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Mass Feeding for Emergency Operations

Finding and Equipping a Mass Feeding Site


  • Keep hot foods hot at 135°F or above.
  • Keep cold foods cold at 41°F or below.
  • Perishable foods may be held at room temperature up to 2 hours or less.
  • If unable to keep foods at proper temperatures, do not serve food that requires time/temperature control for safety, such as burgers, egg salad sandwiches, chicken, potato salad, and cream-filled desserts.
  • Do not serve home-prepared meals.
  • Minimize leftovers. Prepare only what you think you’ll need.
  • Do not allow self-service. Pre-plate or serve food.

Sanitizing cooking and eating utensils

  • Use disposable dishes and utensils whenever possible.
  • Do not reuse plastic or paper items.
  • If you must use washable dishes and utensils, clean them in a standard three-compartment sink, or a sink equipped with three separate containers that can serve as an improvised three- compartment sink.

Procedure to sanitize cooking and eating utensils

  1. Wash all items in the first sink, using a household detergent solution in clean, hot water.
  2. Rinse in the second sink, in clean, hot water. Remove all detergent residues, to ensure that the final sanitizing step will be effective.
  3. Sanitize your utensils in the third sink. Use a solution of one tablespoon bleach for each gallon of water. Make sure dishwashing water is clear and free of sludge or sediment.
  4. Air dry dishes and utensils.

Food service workers

All persons volunteering to work in your mass feeding center should be properly oriented before they begin work.

Personal hygiene

  • Food workers should wash their hands frequently, particularly after using the toilet, or after handling materials or equipment that may be
  • Food workers must keep themselves and their clothing clean. Cleanliness is essential for all people who work in the mass feeding
  • People with vomiting, diarrhea, fever, or respiratory illnesses should not be allowed to work.
  • No one with cuts, burns or other skin abrasions should be allowed to handle food unless wounds are covered with waterproof dressings or

How to wash your hands

  1. Wet your hands
  2. Apply soap
  3. Rub your hands for 10 to 15 seconds
  4. Rinse your hands
  5. Dry your hands
  6. Keep hands clean

The entire process must last at least 20 seconds. Gloves, wet-wipes or hand antiseptics are not substitutes for handwashing.

Prevent bare hand contact with food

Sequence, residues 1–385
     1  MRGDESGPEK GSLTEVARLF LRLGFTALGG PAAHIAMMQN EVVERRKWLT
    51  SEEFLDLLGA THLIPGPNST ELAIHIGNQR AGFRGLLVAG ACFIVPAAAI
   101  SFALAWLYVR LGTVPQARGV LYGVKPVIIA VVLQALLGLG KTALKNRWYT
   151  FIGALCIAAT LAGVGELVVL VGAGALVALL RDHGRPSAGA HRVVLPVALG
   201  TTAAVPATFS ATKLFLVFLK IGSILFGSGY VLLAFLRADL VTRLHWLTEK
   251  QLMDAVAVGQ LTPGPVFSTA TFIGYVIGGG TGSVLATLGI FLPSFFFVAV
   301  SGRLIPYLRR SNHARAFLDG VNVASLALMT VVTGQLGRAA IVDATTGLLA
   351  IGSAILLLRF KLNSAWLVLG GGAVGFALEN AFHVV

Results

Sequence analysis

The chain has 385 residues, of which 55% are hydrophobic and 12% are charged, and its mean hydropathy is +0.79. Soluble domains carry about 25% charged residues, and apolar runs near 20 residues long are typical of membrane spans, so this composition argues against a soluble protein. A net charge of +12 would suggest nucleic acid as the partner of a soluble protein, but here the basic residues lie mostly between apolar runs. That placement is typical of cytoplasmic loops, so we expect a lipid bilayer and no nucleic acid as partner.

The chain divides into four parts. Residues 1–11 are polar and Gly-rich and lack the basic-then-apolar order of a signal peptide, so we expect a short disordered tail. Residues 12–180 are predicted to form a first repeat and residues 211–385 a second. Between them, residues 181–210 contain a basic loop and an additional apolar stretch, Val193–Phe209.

People in a disaster can be at greater risk for getting sick from unsafe food. Food workers should use utensils, such as tongs, scoops, deli papers, or single-use gloves to keep from touching food whenever possible.

When to Wear Gloves
  • When touching food that will not be further cooked (ready-to-eat food), such as sandwiches, rolls, veggies, and cookies.
  • Wear single-use gloves when preparing foods that is handled a great deal. This includes making sandwiches, slicing vegetables, or arranging food on a platter.
How to Use Gloves Properly

When wearing gloves while preparing food, it is important that gloves be used the right way:

  • Change gloves that get ripped or torn.
  • Change gloves that get dirty.
  • Never wash or reuse gloves.
  • Change gloves when you change jobs, such as when you move from making sandwiches to cutting raw vegetables.
  • Throw gloves away after you use them.
Keep Gloves and Hands Clean

It is also important to remember that both hands and gloves must always be clean.

  • Always wash hands before putting on clean
  • Wash your hands after taking gloves off.


If possible, someone who has experience with large food service operations should supervise your mass feeding operation. Possible supervisors include school or institutional food service managers, or people who have worked as cooks, employees or managers in large restaurants.


Make sure that you have adequate space and equipment to ensure that food is cooked to proper temperatures, kept safe from contamination when stored, and held at safe temperatures.

Toilets and Handwash Sinks

  • Make sure that you have adequate numbers of toilets and handwash stations.
  • Make sure that handwash stations are stocked with water, hand soap, and paper towels

Drinking water

If your water has been contaminated or if you are unsure of its safety:

  • Use only boiled or bottled
  • Use only commercially packaged ice from approved

Garbage handling

Dispose of garbage frequently. Clean temporary garbage storage areas periodically.

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